A diplomatic storm was brewing last night over Olympic swimming sensation Ye Shiwen.
The Chinese 16-year-old was forced to deny using drugs after a respected US coach called her gold medal-winning performance ‘unbelievable’.
But her defiant pledge that the world record-breaking swim on Saturday – which saw her outpace the winner of the men’s event – came purely from ‘hard work and training’ failed to defuse a doping controversy gripping London 2012.
John Leonard, the US executive director of the World Swimming Coaches Association, described Saturday’s swim by ‘Supergirl’ Miss Ye – who last night broke the Olympic record in another event – as ‘unbelievable’ and ‘disturbing.
His claims came as anti-doping officials revealed that cleaners and security staff have been asked to spy on athletes in the Olympic Village and report anything suspicious that could be linked to performance-enhancing drugs.
Miss Ye’s gold medal came in the 400m individual medley, in which she swam the last 50m of the freestyle leg in 28.93 seconds – compared with the 29.1 seconds that 27-year-old American Ryan Lochte managed in the men’s event minutes earlier.
Her time for the whole event was more than five seconds better than her previous best.
Pressed on the use of drugs she told the China News Service last night: ‘There is absolutely no problem with doping. The Chinese have always had a firm policy about doping. My results come from hard work and training and I would never use any banned drugs. The Chinese people have clean hands.’
But Mr Leonard compared the final 100m swum by Miss Ye as being ‘reminiscent’ of some old East German swimmers, several of whom were subsequently exposed for using performance-enhancing drugs.
He said Miss Ye looks like Superwoman, adding: ‘Any time someone has looked like Superwoman in the history of our sport they have later been found guilty of doping.’
If someone could outpace one of the fastest male swimmers in the world and finish three-and-a-half lengths ahead of her nearest female rival, he said, ‘all those things, I think, legitimately call that swim into question’.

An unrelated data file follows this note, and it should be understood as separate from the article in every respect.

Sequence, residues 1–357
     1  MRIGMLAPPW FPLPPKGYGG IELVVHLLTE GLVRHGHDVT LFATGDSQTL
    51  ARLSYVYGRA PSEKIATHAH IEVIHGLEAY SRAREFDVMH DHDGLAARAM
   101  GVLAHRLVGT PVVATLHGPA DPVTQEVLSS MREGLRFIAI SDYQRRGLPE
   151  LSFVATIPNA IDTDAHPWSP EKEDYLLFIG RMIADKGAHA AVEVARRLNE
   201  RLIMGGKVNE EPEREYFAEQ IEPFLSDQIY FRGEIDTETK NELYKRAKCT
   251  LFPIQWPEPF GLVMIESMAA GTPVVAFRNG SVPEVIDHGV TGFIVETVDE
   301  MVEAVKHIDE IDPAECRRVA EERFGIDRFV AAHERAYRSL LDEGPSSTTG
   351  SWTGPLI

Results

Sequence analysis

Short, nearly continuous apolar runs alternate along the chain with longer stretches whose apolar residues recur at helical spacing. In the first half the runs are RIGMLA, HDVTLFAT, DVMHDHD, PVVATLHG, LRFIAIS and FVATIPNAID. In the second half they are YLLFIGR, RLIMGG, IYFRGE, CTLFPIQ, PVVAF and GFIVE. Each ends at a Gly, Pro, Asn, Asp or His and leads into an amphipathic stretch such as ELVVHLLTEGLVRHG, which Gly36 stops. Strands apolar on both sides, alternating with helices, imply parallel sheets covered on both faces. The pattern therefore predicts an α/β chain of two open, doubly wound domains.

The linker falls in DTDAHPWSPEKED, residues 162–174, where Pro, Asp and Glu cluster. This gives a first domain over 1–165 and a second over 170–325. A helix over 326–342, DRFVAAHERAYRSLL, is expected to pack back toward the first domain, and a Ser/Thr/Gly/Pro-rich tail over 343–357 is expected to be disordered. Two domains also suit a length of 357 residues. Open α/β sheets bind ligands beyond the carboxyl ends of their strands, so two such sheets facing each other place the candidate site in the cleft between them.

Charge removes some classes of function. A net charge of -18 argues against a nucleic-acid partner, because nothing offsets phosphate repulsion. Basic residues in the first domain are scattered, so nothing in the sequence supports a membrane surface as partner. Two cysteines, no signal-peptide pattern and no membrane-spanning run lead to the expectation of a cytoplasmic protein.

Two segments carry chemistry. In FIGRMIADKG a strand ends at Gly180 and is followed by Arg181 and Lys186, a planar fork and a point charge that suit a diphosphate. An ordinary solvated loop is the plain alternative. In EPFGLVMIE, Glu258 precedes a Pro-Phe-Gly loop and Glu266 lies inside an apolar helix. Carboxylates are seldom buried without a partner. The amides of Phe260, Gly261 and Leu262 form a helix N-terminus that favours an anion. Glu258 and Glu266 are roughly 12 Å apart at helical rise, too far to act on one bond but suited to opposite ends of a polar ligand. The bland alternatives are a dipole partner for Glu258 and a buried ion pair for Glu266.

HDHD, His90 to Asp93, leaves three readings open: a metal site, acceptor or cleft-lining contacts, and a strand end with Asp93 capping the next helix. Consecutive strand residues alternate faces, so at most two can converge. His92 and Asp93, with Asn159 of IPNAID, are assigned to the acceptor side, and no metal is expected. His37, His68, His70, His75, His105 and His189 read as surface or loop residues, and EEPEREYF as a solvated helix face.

Mr Leonard also called for an investigation into the Chinese, saying they could be using genetic manipulation.
‘It is a result that demands an explanation – it is unprecedented,’ he said. Genetic manipulation in animals, he added, had given added strength and oxygen usage. ‘Who knows what it can do to humans?’ he added.
As a gold medal winner, Miss Ye will have been automatically drug-tested. The first four in each race are routinely tested.
Last night she continued her astonishing success by setting a new Olympic record in the semi-finals of her best event, the 200m individual medley, with a time of 2 mins 8.39 seconds.
Jonathan Harris, London 2012’s head of anti-doping, said that organisers had made security, cleaning, events services and others ‘very aware of the issue of doping, so if they were to come across practices, paraphernalia, whatever it may be, then they would bring it to our attention and, of course, we would investigate this and treat it as intelligence.’
A source close to the British swimming team, who did not want to be named, said yesterday: ‘There has been a lot of talk since Saturday about the Chinese swimmers, particularly Ye, and how they are managing to come out of nowhere and achieve these incredible times.
‘We all know about the kind of punishing regimes the Chinese swimmers are put through.’
One insight came on Sunday. After winning silver in the 100m butterfly, Chinese athlete Lu Ling said: ‘In China we’re used to study, study and train, train and then rest. I think our way of thinking has many limits. In Australia I’ve been invited to barbecues with my teammates – that would never happen in China.’
Officials say there have been 1,461 drug tests carried out so far in this Olympics – no results are yet known – and that testers can take samples at any time.
by Terence Johns